JTF (just the facts): A total of nine works, one made in 2018 and eight made this year, installed on white walls in the gallery’s front gallery and small side gallery, as follows: seven archival pigment prints on Lusterboard, and two inkjet prints on cellulose sponge. Each of the prints has a graphite sculpture mounted to its surface. The works range in size from 37 1/2 x 50 inches to 66 x 52 x 7 1/2 inches. (Installation views below.)
Comments/Context: London-born, New York-based artist Adam McEwen’s first solo show at Petzel in 2016 was one of the standout exhibitions in New York that year. By then McEwen had already gained attention for his fake obituaries of living people (he once had a job writing death notices for London’s Daily Telegraph) and was making machined graphite replicas of mundane objects, as well as photographs printed on cellulose (the stuff used to make kitchen sponges) of, among other things, stretch limos and chewing-gum blotched sidewalks.
In the 2016 show, graphite sculptures of supercomputers and airport security bins joined eerie photographs on cellulose depicting the deserted interiors of the four tunnels—Lincoln, Holland, Battery, and Midtown—leading in and out of Manhattan. Also included in the exhibition were a steel replica of an old-fashioned Fox police lock, once a common sight in New York apartments, and a staircase leading nowhere. Taken together, the works suggested both movement and the obstacles to egress and ingress represented by border checks, terrorist acts, and internet firewalls.
As Andy Warhol was, McEwen is interested in death and disaster. But though he shares, to some degree, Warhol’s Pop sensibility, he has in common with certain artists who came to prominence in the 1980s (a number of whom, including Jeff Koons and Richard Prince, not coincidentally featured in McEwen’s obituaries) a general preference for the banal over the sensational. (Though an early work featured a famous news photograph of Mussolini and his wife after they were killed by a mob.)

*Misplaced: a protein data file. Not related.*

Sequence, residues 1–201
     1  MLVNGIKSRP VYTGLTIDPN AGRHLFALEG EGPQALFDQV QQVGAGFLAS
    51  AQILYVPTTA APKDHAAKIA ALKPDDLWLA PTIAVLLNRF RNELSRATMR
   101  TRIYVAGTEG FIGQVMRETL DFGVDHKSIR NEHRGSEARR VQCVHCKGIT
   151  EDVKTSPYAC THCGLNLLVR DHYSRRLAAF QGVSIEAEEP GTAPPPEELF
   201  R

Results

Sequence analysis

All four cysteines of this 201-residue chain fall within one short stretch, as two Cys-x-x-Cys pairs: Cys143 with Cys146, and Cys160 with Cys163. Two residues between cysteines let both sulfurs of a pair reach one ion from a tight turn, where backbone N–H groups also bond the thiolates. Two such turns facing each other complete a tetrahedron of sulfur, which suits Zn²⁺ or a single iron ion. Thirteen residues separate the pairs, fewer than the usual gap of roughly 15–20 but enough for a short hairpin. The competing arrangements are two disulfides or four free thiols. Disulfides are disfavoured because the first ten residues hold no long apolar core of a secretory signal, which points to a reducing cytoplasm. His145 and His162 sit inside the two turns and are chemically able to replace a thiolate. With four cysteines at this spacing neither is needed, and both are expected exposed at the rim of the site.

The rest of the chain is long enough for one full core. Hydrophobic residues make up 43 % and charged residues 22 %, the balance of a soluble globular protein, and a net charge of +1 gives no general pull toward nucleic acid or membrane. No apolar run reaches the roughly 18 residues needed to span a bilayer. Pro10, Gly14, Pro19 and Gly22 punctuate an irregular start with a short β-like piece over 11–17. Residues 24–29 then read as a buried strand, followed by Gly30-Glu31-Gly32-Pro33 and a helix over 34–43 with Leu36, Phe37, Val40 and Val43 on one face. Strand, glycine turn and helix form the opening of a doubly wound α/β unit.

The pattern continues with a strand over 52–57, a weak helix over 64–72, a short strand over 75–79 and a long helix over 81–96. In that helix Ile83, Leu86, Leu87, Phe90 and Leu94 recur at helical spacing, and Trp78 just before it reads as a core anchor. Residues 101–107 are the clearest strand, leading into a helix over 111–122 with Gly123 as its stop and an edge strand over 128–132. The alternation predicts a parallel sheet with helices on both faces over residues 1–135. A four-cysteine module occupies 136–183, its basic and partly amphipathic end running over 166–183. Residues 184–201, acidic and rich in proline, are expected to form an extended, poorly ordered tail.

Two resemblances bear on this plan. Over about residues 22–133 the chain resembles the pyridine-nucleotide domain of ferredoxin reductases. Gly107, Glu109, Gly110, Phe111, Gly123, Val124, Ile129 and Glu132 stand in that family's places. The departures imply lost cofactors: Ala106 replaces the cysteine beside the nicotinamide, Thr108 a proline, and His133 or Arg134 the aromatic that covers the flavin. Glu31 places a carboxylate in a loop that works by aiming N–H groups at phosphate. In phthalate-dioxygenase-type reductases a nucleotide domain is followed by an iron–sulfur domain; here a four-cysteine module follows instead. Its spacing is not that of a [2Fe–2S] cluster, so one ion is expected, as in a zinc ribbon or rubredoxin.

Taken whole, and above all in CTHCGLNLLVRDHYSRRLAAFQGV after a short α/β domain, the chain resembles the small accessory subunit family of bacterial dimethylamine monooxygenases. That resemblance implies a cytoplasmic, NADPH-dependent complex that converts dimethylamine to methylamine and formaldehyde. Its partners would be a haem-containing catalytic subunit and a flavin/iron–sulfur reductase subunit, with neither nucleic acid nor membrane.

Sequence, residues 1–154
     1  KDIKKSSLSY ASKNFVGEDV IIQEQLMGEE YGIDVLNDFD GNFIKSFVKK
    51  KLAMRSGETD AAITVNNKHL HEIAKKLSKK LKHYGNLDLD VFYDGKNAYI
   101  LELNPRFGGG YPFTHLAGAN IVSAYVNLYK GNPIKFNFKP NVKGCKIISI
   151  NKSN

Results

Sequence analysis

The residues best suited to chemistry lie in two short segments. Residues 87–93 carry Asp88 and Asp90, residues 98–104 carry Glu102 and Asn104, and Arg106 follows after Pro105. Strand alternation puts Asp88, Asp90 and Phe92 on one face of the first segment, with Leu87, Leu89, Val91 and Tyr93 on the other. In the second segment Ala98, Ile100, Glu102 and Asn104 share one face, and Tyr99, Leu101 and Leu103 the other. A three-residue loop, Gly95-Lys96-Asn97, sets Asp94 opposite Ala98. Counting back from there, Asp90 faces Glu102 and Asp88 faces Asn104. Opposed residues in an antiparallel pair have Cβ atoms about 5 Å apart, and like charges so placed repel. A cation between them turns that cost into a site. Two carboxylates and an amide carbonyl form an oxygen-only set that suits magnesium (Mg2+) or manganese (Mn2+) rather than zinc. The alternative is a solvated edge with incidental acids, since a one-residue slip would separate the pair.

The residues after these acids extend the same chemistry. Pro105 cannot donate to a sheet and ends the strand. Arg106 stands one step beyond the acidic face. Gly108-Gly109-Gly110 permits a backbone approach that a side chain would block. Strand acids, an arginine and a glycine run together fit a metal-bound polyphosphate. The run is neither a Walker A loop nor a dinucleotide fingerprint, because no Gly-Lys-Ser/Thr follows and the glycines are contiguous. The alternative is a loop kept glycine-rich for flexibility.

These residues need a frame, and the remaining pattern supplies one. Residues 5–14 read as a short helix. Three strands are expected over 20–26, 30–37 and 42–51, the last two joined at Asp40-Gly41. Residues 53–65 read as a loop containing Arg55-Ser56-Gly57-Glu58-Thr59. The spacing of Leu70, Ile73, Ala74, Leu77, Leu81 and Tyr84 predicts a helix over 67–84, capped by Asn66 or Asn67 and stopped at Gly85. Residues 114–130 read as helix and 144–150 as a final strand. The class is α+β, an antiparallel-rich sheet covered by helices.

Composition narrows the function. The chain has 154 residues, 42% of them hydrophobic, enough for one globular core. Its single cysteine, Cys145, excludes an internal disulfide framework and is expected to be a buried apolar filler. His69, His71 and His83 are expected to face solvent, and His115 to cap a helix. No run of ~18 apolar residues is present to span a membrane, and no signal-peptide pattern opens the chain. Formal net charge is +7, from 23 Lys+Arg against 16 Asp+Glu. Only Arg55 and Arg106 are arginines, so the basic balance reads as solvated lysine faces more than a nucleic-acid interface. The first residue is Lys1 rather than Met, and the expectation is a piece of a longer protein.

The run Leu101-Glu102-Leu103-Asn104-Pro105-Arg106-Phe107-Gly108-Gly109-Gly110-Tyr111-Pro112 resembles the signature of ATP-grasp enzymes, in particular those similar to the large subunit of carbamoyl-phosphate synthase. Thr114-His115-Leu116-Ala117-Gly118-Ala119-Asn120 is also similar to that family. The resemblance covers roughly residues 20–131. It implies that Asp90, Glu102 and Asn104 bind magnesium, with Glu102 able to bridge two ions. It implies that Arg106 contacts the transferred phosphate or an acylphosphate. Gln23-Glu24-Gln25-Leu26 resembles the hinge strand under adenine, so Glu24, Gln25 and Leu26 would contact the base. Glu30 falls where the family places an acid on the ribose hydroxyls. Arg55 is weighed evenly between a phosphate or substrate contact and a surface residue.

McEwen’s current show at Petzel is a more modest, if somewhat more fraught outing than his 2016 debut, but it likewise takes interruption and foreclosure—this time perceptual—as its themes. In each of the works here, a 1:1 scale graphite sculpture of a quotidian object such as a hotel door handle with key card slot, a thermostat, a blade for a table saw—useful if it works; the cause of irritation, panic, or injury if it does not—is mounted on an enlarged photographic image.
In seven of the nine works, photograph and sculpture depict the same object. Laid flat to the photographs’ surfaces, the monochromatic sculptures resemble painted silhouettes when seen head on. Conversely, the photographs of these items in situ—a rubber door stop on a paint-splattered floor, say, or restaurant tip tray resting on a printed scarf—are printed as off-register color separations, mimicking the look of those three-dimensional images that pop into focus when the viewer puts on special glasses. (One of the pieces features just such a pair of glasses, whose ghostly graphite double appears in the lower right-hand of the photograph like a painted glyph.)
The other two works feature graphite reproductions of, respectively, an industrial toilet paper dispenser and a swimming pool ladder, mounted on what look like uniformly colored panels of cellulose. But even here, the tension between object and printed image persists, since it seems possible—though it is hard to tell—that the shadows cast by the objects onto their cellulose supports were not real, but printed.
The exhibition shows the artist investigating, in more direct ways than in the past, the act of seeing as both a visual and mental process. The most fascinating aspect of this new body of work is that the confusions between idealized form and uncertain reality, and between projected image and physical presence, enacted by these uncomfortable objects largely disappears when the pieces are reproduced in print or online. Their illuminating awkwardness can only be truly experienced in person.
Collector’s POV: The works in this show are priced at $60000 each. McEwen’s photographic works have only been intermittently available in the secondary markets in recent years, almost entirely offered in Contemporary Art sales. Prices have ranged between roughly $10000 and $112000.